Side effects of vertical-align in Internet Explorer

While I was doing some HTML editing yesterday, I stumbled upon an issue in Internet Explorer. I was constructing a table, in one row of which there was supposed to be an image, one pixel high. Looking something like this (showing the border here to make things easier to see):

Text one Text two

To be clear, the image itself is this: (maybe not that easy to see between the table border lines).

I’m quite hopeful that everybody should be able to see the table just the way I was intending it to look, with the cell spanning two columns exactly one pixel in height. Problem was, in the page I was editing yesterday, it didn’t look that way in IE, while it did in Firefox. Instead, it looked something like this (simulated):

Text one Text two

Well, it took me quite a while to find out where this was coming from, and I wasn’t able to find that hint anywhere on the web. That’s why I thought it might be useful for me to publish it here, and also to make me remember it myself if it ever comes up again. So, the reason for this was that somewhere in a voluminous stylesheet system in use with that page, there was this entry:

img {
  border: none;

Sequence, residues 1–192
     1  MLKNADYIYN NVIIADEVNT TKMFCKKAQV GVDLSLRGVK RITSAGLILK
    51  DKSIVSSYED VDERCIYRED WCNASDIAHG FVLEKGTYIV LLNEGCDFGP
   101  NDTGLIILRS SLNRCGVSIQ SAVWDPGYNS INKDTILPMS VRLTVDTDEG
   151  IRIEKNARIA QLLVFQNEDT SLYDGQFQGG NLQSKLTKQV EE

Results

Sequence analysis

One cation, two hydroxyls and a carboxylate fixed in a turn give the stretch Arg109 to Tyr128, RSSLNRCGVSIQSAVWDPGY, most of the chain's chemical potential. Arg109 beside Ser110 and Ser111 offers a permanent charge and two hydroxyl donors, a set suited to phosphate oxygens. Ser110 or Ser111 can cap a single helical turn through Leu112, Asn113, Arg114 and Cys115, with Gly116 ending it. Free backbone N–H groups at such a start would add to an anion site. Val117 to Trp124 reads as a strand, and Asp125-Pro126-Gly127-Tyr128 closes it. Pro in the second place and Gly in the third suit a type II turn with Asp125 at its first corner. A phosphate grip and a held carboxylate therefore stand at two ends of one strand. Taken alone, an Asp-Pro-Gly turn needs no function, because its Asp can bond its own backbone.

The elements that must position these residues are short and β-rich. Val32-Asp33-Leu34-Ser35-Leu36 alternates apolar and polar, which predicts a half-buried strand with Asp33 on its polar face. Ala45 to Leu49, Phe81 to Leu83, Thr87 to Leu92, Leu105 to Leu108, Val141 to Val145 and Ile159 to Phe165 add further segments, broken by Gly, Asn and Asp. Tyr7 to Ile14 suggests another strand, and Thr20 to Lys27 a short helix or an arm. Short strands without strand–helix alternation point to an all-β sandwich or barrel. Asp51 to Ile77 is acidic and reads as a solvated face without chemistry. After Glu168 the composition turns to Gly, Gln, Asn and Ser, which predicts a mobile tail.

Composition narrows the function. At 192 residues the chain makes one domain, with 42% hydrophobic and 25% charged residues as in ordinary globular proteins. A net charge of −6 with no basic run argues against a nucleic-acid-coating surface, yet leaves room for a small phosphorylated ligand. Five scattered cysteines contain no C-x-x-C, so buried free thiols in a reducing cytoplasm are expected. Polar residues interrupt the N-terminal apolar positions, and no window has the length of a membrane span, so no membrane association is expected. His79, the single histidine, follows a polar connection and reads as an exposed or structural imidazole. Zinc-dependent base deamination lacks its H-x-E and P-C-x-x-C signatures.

vertical-align: middle;
}

Setting the img tag to default to a middle vertical-align shows the problem in IE. Here’s the table once more, this time with a style="vertical-align: middle;" on the img tag. Everything’s as it should be in Firefox, but you should be able to see the problem in IE. For the record, my IE shows version 6.0.2900.2180.xpsp_sp2_rtm.040803-2158 (BTW, do they employ extra staff to create those version numbers?).

Text one Text two

(Ah yes… if you’re just using IE to look at this, do you have any idea why the <pre> box above shows that ugly additional space in the bottom? I never hunted that one down, wasn’t as important as the image thing. Once again, something that doesn’t show in a browser which really understands CSS.)

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